​I had time to reflect on my way to CES 2020 last month. My phone continued to work at cruising altitude and I toggled between emails, texts and the constant stream of content coming across different channels. I finally turned the damn thing off and used my time in the air to think about my plan for the show.

My goal was to focus on the vehicle technology exhibits, to meet up with old friends, network with new contacts, and absorb as much as possible about new trends and technologies. You know what they say about well-laid plans…

The North Hall of the Convention Center is located, of course, on the north end of the strip. Travel from point A to point B takes more time every year. Things will get only get more congested with the opening of the new NFL stadium and the 1.5 m square feet expansion of show space at the Convention Center. There’s no such thing as too big in Las Vegas! I digress…

This year, there were multiple companies showing urban helicopters for last-mile transportation. In addition to well-established Bell Helicopters, Hyundai (Hyundai S-A1 electric Urban Air Mobility concept) is moving into this evolving space. Many of the automotive brands and suppliers highlighted autonomous vehicles geared towards comfort, entertainment, and human interaction and communication. These two trends will continue to point out where we are able to leverage new modes of transportation. This new day, in my opinion, awaits us in 2025 and forward. 

The biggest challenge to the real-world application of autonomous vehicles and air transport is the lack of infrastructure and practical safety guidelines. As described in my post from CES 2019, collaboration on a vast scale with government, large corporations, and innovative thinkers and startups will be required to begin to solve the significant challenges of infrastructure. I am encouraged by the risk-taking and scaled investment on display at CES every year. We are on the right path with lots more work to do.

I was very encouraged by the number of EV concepts on display. Henrik Fisker never gives up and he was at the show with his Ocean concept and taking orders for a nominal downstroke of $250. I’m not sure how the path to production will play out for Fisker. The car business is unforgiving, hyper-competitive, and capital intensive. 

Rivian’s RT1 was displayed in the Amazon exhibit along with numerous products designed to work with integrated Alexa, smart home, and communications platforms. There was even a motorcycle helmet with Alexa inside! I just want to get on my motorbike and ride!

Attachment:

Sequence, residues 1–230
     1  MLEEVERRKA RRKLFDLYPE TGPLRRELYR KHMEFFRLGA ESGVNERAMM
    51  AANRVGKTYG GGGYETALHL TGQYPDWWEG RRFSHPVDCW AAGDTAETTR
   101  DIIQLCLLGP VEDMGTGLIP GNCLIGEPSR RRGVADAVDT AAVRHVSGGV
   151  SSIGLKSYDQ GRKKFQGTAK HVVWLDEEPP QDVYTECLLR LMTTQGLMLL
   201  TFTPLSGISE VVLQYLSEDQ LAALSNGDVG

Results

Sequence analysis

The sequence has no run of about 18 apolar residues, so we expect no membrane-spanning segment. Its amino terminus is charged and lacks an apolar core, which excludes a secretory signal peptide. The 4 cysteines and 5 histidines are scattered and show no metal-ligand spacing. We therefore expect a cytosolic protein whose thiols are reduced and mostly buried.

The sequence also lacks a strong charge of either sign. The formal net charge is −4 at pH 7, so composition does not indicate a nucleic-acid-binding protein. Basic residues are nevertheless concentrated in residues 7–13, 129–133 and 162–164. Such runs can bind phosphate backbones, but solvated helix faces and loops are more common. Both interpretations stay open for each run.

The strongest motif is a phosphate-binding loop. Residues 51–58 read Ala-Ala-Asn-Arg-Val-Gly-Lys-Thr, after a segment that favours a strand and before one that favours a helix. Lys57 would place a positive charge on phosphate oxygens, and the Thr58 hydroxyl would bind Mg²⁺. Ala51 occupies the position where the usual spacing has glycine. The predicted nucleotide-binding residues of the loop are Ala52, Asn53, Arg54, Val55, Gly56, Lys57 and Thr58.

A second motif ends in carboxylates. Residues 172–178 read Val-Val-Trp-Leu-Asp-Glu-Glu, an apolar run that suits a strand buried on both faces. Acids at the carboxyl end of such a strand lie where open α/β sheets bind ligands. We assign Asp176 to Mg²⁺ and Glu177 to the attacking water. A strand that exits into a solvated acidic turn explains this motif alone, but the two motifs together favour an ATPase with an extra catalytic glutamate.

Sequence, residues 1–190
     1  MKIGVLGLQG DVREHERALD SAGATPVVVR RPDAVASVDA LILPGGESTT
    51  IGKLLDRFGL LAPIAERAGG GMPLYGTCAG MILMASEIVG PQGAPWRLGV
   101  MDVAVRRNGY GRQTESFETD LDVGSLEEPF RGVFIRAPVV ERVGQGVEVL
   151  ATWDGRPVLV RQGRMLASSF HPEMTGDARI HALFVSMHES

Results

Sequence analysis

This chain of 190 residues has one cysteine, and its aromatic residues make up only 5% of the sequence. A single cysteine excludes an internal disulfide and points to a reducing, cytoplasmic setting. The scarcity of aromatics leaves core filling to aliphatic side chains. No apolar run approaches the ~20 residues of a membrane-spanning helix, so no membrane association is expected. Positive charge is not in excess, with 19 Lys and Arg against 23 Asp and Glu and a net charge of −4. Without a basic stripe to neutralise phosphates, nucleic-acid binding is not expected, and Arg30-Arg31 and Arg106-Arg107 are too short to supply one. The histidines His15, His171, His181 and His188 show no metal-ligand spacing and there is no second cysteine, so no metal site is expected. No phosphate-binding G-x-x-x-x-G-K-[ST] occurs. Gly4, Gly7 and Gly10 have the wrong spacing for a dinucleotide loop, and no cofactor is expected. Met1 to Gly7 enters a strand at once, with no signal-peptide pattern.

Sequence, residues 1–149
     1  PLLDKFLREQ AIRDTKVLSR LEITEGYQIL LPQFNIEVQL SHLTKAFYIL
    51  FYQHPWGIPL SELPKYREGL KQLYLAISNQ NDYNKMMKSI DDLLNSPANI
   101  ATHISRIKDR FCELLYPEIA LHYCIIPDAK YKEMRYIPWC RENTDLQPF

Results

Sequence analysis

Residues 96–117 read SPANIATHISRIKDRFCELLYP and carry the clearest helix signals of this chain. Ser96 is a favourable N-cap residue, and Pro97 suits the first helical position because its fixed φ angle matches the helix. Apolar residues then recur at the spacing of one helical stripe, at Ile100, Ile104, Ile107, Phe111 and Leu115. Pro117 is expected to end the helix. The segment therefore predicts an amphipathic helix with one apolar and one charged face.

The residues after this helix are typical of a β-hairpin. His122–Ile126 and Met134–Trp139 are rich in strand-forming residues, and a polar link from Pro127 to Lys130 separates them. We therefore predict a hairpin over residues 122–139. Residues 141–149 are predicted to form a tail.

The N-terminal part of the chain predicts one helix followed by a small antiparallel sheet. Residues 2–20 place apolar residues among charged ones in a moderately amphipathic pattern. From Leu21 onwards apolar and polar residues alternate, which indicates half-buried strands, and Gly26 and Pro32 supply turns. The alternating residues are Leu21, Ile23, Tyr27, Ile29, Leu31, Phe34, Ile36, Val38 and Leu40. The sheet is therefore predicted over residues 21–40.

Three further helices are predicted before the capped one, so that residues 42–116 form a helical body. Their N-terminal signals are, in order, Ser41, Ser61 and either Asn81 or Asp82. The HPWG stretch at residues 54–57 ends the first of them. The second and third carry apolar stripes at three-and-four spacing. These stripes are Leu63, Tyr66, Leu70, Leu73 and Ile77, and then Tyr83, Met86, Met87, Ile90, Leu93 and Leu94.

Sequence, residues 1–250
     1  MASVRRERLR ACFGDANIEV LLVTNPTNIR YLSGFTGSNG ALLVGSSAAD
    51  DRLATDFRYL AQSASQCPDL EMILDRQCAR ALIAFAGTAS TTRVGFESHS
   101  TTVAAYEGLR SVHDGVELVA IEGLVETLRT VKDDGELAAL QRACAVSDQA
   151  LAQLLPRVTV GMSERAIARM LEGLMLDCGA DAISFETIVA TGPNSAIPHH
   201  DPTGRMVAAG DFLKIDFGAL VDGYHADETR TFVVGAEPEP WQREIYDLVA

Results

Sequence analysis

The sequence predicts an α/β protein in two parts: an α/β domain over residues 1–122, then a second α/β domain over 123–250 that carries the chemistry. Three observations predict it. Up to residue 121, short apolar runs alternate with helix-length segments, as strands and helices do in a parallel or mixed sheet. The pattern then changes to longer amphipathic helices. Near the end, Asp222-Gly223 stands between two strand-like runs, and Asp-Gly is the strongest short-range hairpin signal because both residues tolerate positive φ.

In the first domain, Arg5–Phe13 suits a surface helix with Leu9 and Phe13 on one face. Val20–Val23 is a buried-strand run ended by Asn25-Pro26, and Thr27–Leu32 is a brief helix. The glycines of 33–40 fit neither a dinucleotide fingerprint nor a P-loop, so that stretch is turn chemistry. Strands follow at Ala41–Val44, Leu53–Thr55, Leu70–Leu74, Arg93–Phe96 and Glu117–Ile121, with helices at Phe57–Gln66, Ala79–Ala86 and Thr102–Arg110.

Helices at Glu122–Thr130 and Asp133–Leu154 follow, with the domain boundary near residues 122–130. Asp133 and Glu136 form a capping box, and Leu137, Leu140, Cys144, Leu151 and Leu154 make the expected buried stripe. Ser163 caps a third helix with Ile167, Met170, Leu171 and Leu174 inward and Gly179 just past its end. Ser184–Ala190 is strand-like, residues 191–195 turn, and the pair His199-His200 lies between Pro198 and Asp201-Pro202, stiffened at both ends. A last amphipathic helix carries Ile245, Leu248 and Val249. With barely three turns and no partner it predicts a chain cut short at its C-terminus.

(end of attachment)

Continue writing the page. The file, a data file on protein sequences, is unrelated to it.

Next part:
Sony, yes that Sony, introduced their own EV concept car. My initial thinking is they invested in the concept to draw attention to the audio and video offering. It worked in spades since the concept was a highlight of the show. I was surprised, maybe shocked, to learn that Sony intends to enter into the EV space fully loaded with technology. The point of Sony’s concept is to show what it can do inside and outside a car, so there are 33 sensors, including radar, lidar, and cameras. The car also integrates Sony’s immersive 360-degree audio technology, 360 Reality Audio, which features speakers in each seat. Sony also built the capability for continual over-the-air updates into the car.

“This prototype embodies our contribution to the future of mobility and contains a variety of Sony’s technologies,” Sony CEO Kenichiro Yoshida said at the unveiling.

Wow, who would have envisioned this future?

Mid-afternoon through day one at the show, the thought occurred to me that all this technology is being developed to make our lives easier, to save us time, and to improve our quality of life. This is not a new thought, of course, and the key is to be able to turn off our gear, think, talk with another human or just read a book — preferably a bound, printed book. The more gear we bring into our lives, the tougher it is to turn the stuff off and think. It’s a big-time dilemma!

We were fortunate last year to embark on and complete a kitchen renovation in our home. We’ve lived in the same bungalow for the last few decades and the renovation was long overdue. Early in the project design phase, I was asked by the general contractor if we wanted to integrate smart home technologies into the kitchen. I reflected on this big question and my recent visits to CES and responded with a measured “it depends on how we define smart home”. 

As we developed the design, we decided to apply LED lighting with dimmers and a NEST thermostat. We decided to hold off on the Ring doorbell and any other app-based functions. We can always add technology in the future. For now, we are happy with manual light switches and a fridge that simply preserves our food and makes ice with no problems.

Last week, I decided to commit to a digital fast for either two half-day blocks or a full day every week. This simple and rebellious act has already resulted in more time to think, reflect and work on things that really matter. We’ve become so reliant and expectant of the immediate response to every text, call and email that we’ve lost sight of the importance of meeting people face to face. Technology should be leveraged to help us live better lives and engage more fully with each other, as humans.

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